Timelapse 2: Messages

How to check for Duplicates and Missing Entries

Timelapse versions 2.2.0.0 – 2.2.0.4, released from April onwards, contained a bug that may have compromised your data sets. I do apologize for this - the bug rarely appears on my machine during testing, so I didn't spot it.

Feel free to contact me at saul.greenberg@ucalgary.ca if you have any issues with the instructions below or need any help. I will be glad to guide you through this.

The Issue

When Timelapse loads an image set for the first time, it may occasionally skip an image, where it instead creates a duplicate of a nearby image. This does not always occur: it depends somewhat on both your computer model, and how you configured Timelapse to load images. As it is unpredictable, it is best to test recently loaded image sets. Image sets initially loaded using earlier versions of Timelapse (prior to April) should not be affected.

Note: if you have previously loaded but not analyzed any of the images (i.e., there is no relevant data), you can just delete the .ddb file and reload the image set using the latest version of Timelapse to fix the issue.

Step 1. Export a spreadsheet and mark your duplicate files.

Note: you may be able to skip this step if you already have your set analyzed with (say) a single field filled in across all photos. This is described in more detail below in Step 4, variation 1. However, you may want to go through the entire process for at least your first image set so you can understand your options.

The instructions below refer to the latest version of Excel, so it may differ somewhat if you have an earlier version

  1. Using Timelapse,
    • open a suspected image set.
    • Select the menu item File | Export data from this image set as a .csv file and preview in Excel
  2. Continue by using Excel,
    • highlight the File column in the spreadsheet
    • select Conditional Formatting| Highlight Cell Rules |Duplicate Values | Format cell that contain Duplicates with <some color of your choice> (you will find this in the Excel File tab at the top)
    • scroll through your spreadsheet to see if it contains any colored cells
      • If you find one,, those are duplicate entries.
      • If your images are named sequentially (e.g., IMG001, IMG002, etc), you will likely notice that the spreadsheet will contain a missing file near the duplicate file entry.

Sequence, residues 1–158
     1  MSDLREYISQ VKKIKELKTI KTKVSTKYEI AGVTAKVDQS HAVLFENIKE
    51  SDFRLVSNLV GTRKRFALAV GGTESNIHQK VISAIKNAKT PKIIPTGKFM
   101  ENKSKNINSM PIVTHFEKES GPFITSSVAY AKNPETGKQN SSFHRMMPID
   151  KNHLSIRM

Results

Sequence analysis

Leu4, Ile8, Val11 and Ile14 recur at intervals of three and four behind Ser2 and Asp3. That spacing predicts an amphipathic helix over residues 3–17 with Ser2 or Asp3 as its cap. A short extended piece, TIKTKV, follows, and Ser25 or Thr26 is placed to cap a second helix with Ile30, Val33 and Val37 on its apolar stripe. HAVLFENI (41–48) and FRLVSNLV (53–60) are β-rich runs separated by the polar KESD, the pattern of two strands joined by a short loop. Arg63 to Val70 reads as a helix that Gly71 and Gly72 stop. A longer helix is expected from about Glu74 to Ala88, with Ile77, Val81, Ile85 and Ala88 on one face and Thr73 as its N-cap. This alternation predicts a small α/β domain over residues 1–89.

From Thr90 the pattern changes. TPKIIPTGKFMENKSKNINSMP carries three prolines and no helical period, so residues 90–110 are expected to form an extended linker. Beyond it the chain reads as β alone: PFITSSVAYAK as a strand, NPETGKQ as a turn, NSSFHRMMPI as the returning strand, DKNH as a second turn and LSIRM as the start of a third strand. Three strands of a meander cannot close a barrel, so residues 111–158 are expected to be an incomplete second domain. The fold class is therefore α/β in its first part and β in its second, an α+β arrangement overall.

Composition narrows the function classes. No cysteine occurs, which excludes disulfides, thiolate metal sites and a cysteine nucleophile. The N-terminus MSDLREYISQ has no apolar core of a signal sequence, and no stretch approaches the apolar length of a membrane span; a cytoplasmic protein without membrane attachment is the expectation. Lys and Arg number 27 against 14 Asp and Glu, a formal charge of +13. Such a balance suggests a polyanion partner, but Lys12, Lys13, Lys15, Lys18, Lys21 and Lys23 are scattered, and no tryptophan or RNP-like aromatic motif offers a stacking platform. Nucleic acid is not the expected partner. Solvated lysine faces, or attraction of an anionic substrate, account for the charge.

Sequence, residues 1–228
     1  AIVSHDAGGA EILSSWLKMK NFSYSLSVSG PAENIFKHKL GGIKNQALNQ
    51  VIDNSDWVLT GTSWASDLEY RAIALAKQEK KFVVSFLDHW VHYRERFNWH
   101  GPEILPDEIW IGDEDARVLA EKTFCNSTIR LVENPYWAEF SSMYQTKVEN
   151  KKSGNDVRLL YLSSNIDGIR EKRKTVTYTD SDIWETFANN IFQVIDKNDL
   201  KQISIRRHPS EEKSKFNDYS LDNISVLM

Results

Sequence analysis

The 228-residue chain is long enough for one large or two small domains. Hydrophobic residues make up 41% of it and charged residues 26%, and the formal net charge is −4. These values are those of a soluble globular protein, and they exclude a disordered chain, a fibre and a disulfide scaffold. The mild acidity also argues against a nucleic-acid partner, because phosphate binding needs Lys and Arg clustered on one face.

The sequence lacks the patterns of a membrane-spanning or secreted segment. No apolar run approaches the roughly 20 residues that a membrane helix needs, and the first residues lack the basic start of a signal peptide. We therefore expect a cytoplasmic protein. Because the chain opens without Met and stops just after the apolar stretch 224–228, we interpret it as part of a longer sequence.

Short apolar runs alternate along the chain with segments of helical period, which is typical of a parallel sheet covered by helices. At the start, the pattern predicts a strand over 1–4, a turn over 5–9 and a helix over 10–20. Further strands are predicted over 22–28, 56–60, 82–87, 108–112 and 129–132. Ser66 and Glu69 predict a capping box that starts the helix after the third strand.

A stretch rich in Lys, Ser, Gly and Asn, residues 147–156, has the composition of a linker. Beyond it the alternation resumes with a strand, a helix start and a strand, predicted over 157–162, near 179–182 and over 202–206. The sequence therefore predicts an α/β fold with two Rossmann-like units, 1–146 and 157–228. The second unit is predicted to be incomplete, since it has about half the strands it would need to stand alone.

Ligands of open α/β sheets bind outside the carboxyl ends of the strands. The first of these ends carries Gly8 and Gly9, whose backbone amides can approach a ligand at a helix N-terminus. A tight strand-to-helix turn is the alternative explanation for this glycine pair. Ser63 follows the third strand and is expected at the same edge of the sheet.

• Save it as an excel (vs .csv) file

Step 2. Delete your duplicates (if any)

  1. Create a copy of you .ddb file just in case things don't go as planned.
  2. Start the latest version of Timelapse,
  3. Load the suspected image set.
  4. Select from the menu: Options | Advanced | Delete Duplicates...
    • the dialog box will list duplicates, if any, along with an option to delete them all.

Step 3. To include your missing images

Note. This step requires that you still have the original images in their original folders.

  1. Continue from the above, where you should have your image set (now without duplicates) loaded in Timelapse .
  2. Reload your image set by choosing File | Add image and video files to image set.... Navigate to the folder(s) that contain your images.
    • Timelapse will only load images that were not previously loaded i.e., your missing images will now be included.
    • Be patient if you have a large number of files. Timelapse currently doesn't show feedback of skipped files, so you may wonder what is going on.

Step 4 - variation 1

Note: If you already have your set analyzed with (say) a single field filled in across all photos, try this approach Otherwise go to variation 2 below.

  1. For example, lets say:
    • you have a Note field called Analyzer, and you had filled it in for every image with a name (i.e., its not empty).
    • when you add the missing images as to the prior instructions, those images will have the Analyzer’s field as empty (assuming there is no default value set).
    • you can then show (and thus analyze) only those images by
      • going to the menu Select | Custom Selection and
      • ticking the checkbox on the Analyzer field, then just select Analyzer (which by default will show an empty value).

Step 4 - variation 2

Note: If variation 1 doesn't work for you, try this

  1. Export your data to Excel as before
  2. Copy and paste the column of file names from the previously saved spreadsheet next to the column in the new spreadsheet.
    • you should be able to see which new files were added simply by comparing the two columns.
    • navigate to those files and analyze them as usual.

If things go wrong (although they shouldn't), restore the backup .ddb file and try again.